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Define two sequences $(a_n), (b_n) \in \{0, 1\}^\mathbb{N}$ are equivalent iff they have some subsequences that are equal.

How many equivalence classes are there? Is it uncountable?

It might be countable (unlikely but possible), since each equivalence class is uncountable.

Motivation: I wanted to count the number of "essentially different" ways for a rational sequence to converge to $0$. Two convergent sequences are equivalent iff they have some subsequences that are equal. I could determine that there are uncountably many of these by this construction:

$$a_n\neq b_n \in \left(\frac{1}{2^{n+1}}, \frac{1}{2^{n}}\right]\cap\mathbb{Q}$$ then any two such constructed $(a_n)$, $(b_n)$ will be inequivalent but convergent to $0$. There are clearly $\mathbb{N}^\mathbb{N}$ of them.

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  • $\begingroup$ Uncountably many, assign to each such representative subsequence the associated number in binary representation. (Of the form $\sum_{n=1}^{\infty}\frac{1}{2^n}a_n$) $\endgroup$ May 24, 2018 at 12:02

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This isn't an equivalence relation, because it is not transitive. For instance, the sequence $a_n=0$ is "equivalent" to the sequence $b_n=\frac{1+(-1)^n}2$, which is in turn "equivalent" to $c_n=1$. Yet, $a$ and $c$ are not "equivalent".

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  • $\begingroup$ What is $-1$? The sequences only obtain $0$ and $1$. $\endgroup$
    – Asaf Karagila
    May 24, 2018 at 12:01
  • $\begingroup$ Thanks, @AsafKaragila, now mine do too. $\endgroup$
    – user562983
    May 24, 2018 at 12:03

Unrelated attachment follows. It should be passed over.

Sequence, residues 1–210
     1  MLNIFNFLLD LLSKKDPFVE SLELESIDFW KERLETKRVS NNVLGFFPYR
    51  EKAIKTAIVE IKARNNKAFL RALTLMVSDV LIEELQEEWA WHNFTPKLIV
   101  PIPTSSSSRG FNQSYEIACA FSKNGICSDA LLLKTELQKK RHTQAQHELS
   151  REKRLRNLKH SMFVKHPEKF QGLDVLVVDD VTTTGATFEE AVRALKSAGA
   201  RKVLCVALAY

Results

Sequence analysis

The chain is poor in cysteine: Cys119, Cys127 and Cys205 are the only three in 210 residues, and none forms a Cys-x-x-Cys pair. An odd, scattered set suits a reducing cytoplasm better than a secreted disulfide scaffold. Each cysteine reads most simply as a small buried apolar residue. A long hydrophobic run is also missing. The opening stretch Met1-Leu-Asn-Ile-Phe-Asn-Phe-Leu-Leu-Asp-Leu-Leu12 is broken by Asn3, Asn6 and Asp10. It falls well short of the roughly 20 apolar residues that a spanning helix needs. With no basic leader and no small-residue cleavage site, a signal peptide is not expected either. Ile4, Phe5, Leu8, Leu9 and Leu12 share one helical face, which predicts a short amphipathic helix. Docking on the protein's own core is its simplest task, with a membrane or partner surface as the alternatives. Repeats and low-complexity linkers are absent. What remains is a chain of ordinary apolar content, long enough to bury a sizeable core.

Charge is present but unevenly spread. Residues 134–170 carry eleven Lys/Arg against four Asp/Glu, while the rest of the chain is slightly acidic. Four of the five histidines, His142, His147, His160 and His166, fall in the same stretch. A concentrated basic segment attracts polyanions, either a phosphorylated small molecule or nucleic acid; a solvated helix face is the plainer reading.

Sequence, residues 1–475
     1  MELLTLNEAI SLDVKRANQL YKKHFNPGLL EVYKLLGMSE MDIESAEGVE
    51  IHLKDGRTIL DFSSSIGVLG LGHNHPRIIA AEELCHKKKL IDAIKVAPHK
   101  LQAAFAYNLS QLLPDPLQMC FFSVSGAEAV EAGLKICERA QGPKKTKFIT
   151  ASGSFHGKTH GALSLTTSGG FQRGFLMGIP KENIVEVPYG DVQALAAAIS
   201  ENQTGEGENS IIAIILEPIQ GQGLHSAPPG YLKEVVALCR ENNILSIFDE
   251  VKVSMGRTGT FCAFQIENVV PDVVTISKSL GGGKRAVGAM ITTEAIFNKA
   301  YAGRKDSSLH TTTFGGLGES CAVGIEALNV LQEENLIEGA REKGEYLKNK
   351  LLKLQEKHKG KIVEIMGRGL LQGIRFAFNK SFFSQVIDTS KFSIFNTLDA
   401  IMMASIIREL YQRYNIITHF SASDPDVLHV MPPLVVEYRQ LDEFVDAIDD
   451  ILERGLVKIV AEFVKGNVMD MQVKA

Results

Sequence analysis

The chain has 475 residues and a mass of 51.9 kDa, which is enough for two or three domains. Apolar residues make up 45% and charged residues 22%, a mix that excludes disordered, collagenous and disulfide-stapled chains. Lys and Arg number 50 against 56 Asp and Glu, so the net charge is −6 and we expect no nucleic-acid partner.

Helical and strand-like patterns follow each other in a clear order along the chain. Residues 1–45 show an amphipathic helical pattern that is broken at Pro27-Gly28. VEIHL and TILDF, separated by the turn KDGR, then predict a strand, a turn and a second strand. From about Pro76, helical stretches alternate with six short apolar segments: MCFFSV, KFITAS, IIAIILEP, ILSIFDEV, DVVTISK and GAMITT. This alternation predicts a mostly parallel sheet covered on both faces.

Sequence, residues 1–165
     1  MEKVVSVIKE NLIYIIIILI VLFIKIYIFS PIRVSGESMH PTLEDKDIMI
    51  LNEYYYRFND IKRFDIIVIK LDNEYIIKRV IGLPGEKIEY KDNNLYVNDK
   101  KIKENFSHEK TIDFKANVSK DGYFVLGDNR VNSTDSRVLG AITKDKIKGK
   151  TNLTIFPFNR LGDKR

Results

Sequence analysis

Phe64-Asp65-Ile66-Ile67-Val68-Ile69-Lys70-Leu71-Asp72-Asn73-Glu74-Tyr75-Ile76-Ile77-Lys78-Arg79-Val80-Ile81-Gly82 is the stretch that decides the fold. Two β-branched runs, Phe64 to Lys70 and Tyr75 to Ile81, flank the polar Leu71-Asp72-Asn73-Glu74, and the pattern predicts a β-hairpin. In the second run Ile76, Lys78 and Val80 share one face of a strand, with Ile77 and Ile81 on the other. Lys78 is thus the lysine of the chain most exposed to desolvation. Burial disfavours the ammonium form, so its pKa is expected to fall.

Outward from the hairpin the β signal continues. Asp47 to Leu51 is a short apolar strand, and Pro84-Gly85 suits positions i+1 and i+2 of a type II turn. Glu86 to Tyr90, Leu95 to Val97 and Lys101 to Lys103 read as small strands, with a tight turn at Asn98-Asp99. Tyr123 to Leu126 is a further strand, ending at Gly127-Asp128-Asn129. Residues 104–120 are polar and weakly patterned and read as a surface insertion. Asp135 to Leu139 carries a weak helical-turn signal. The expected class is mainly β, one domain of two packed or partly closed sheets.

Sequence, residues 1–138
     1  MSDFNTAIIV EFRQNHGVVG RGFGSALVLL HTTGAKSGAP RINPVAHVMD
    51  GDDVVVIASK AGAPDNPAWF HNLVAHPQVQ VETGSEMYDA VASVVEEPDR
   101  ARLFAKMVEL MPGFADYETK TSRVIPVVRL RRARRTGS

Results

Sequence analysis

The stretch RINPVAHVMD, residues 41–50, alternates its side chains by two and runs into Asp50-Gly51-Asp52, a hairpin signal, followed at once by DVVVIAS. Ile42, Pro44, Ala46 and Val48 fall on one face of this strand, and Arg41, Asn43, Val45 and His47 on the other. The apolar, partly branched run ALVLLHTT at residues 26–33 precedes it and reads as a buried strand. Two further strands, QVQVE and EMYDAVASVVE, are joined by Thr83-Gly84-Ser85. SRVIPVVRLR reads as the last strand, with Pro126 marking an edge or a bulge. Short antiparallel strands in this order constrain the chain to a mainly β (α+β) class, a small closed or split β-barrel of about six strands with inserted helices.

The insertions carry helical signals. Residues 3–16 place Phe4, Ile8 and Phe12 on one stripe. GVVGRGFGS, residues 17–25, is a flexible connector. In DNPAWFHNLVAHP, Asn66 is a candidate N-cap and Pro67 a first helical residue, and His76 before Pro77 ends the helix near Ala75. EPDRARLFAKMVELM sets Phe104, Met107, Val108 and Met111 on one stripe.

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There are two things here:

  1. The relation is not even transitive. Consider the constant sequence $1$, the constant sequence $0$, and any alternating sequence $(a_n)$. Then $(a_n)$ is equivalent to both $(1)$ and $(0)$, but they are not equivalent to one another.

  2. You are forgetting that the sequences of rationals can obtain many more values than just $\{0,1\}$.

But now to your actual question, note that there is a family $\{A_r\subseteq\Bbb N\mid r\in\Bbb R\}$ such that for $r\neq t$, the intersection $A_r\cap A_t$ is finite. Use this family to find $2^{\aleph_0}$ essentially different subsequences of $\frac1n$ which converge to $0$.

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  • $\begingroup$ I know about 2. My thought was to take a sequence $(b_n)\in \{0, 1\}^\mathbb{N}$, then obtain $a_n = (2+(-1)^{b_n})/2n$. Then if two binary sequences are inequivalent, then their induced sequences would also be inequivalent. $\endgroup$ May 24, 2018 at 13:16
  • $\begingroup$ Well, your idea is not just about "a subsequence" then, it's about having an infinite subsequence with the same indexing. This is not enough to force the relation to be an equivalence relation, of course. $\endgroup$
    – Asaf Karagila
    May 24, 2018 at 14:47

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